“If we cannot keep up to date with people and situations in the camp, we cannot help people,” a Rohingya-refugee woman aid worker told Fortify Rights. “This is our job as Rohingya aid-workers.”
A Bangladeshi woman, 25, living in a nearby host community told Fortify Rights: “We don’t have any internet just like the Rohingya . . . I am upset.”
The Bangladeshi government’s construction of fencing to enclose the Rohingya refugee camps has created heightened distress and fear among Rohingya refugees, posing greater risks to public health and humanitarian access, Fortify Rights said.
In November 2019, Bangladesh Army Chief General Aziz Ahmed announced the construction of barbed-wire fencing around the Rohingya refugee camps. In February 2020, Bangladesh Home Minister Asaduzzaman Khan Kamal told journalists the reason for building the fencing was to “ensure that the Rohingya do not leave the camp and join our community.”
“We fled for our lives, escaping the difficulties in Myanmar,” said a Rohingya refugee man, 38, to Fortify Rights. “Now, in the refugee camps, the same difficulties are approaching us. Soon, we will be stuck inside the camp.”
International law and principles protect Rohingya refugees’ rights to health, access to mobile and internet-based communication, and freedom of movement, said Fortify Rights.
Article 12 of the International Covenant on Economic, Social and Cultural Rights recognizes “the right of everyone to the enjoyment of the highest attainable standard of physical and mental health,” while Article 2 requires States to guarantee the right to all “without discrimination of any kind.” To act in compliance with its international obligations, the authorities in Bangladesh must uphold the principle of non-discrimination and ensure refugees can access health services and other provisions under any national plan of action in response to COVID-19.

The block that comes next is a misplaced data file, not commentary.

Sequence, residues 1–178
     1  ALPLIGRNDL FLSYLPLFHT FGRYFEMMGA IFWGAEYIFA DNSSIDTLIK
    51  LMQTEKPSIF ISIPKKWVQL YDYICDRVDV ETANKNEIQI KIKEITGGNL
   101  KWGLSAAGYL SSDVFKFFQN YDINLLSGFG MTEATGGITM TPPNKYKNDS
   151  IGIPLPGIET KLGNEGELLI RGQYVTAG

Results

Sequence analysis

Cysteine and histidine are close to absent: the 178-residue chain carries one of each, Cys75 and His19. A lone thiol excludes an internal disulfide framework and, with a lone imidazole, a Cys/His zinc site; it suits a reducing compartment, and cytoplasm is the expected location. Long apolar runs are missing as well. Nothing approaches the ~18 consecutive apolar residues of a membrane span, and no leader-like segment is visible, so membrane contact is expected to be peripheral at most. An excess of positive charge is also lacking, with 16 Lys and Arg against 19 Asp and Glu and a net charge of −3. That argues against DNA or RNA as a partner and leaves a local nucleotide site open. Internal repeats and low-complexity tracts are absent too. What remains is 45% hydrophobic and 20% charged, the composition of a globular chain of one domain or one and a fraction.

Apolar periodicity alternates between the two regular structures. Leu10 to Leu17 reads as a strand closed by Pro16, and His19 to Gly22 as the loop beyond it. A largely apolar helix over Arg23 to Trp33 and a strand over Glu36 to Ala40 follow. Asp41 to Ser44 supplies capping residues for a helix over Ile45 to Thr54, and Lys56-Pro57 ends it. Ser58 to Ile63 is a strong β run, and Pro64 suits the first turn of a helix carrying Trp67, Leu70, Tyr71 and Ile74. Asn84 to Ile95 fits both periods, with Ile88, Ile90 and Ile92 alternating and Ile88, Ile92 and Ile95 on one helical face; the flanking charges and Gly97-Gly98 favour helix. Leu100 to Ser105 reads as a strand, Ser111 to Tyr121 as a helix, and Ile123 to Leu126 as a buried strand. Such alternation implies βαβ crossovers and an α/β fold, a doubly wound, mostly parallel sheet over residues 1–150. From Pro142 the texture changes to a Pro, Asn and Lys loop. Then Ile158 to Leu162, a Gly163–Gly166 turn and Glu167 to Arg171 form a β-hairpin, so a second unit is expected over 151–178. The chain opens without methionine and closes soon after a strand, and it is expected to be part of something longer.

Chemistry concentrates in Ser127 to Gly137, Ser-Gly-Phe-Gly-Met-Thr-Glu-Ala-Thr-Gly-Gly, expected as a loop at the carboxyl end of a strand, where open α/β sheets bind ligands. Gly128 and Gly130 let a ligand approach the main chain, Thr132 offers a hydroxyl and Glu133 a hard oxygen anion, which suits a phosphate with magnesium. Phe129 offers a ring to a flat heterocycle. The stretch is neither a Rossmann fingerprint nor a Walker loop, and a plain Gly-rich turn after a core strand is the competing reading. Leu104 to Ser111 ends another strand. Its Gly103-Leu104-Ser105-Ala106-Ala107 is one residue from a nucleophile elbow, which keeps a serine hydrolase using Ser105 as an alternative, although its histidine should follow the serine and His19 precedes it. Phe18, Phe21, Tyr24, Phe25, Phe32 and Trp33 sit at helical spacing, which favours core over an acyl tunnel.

International law and standards protect refugees’ right to freedom of movement and authorize governments to only impose regulations that are equally applicable to other non-citizens present within the country’s borders. The construction of barbed-wire fencing that encloses Rohingya refugee camps discriminatorily infringes on Rohingya refugees’ right to freedom of movement in contravention of international law.
Article 19 of the Universal Declaration of Human Rights protects the right to freedom of expression, which includes the right to “receive and impart information and ideas through any media and regardless of frontiers.” Recognizing the internet as a “key means” for individuals to exercise this right, the U.N. Special Rapporteur on the right to freedom of opinion and expression held that States have a positive obligation to adopt “effective and concrete policies and strategies . . . to make the Internet widely available, accessible and affordable to all.”
International law permits States to limit access to the internet for reasons of national security, but any such restriction must be provided by law, necessary to achieve a legitimate aim, and not be overbroad or disproportionate. In a 2016 resolution on the promotion, protection, and enjoyment of human rights on the internet, the U.N. Human Rights Council condemned “unequivocally measures to intentionally prevent or disrupt access to or dissemination of information online” and called “on all States to refrain from and cease such measures.”
“If coronavirus reaches the camps, enforcing congestion and preventing the free-flow of information will only accelerate the spread of the disease,” said Matthew Smith. “Dhaka has an opportunity to get ahead of any potential outbreak and ensure that camp residents have everything they need to protect themselves and overall public health in the country.”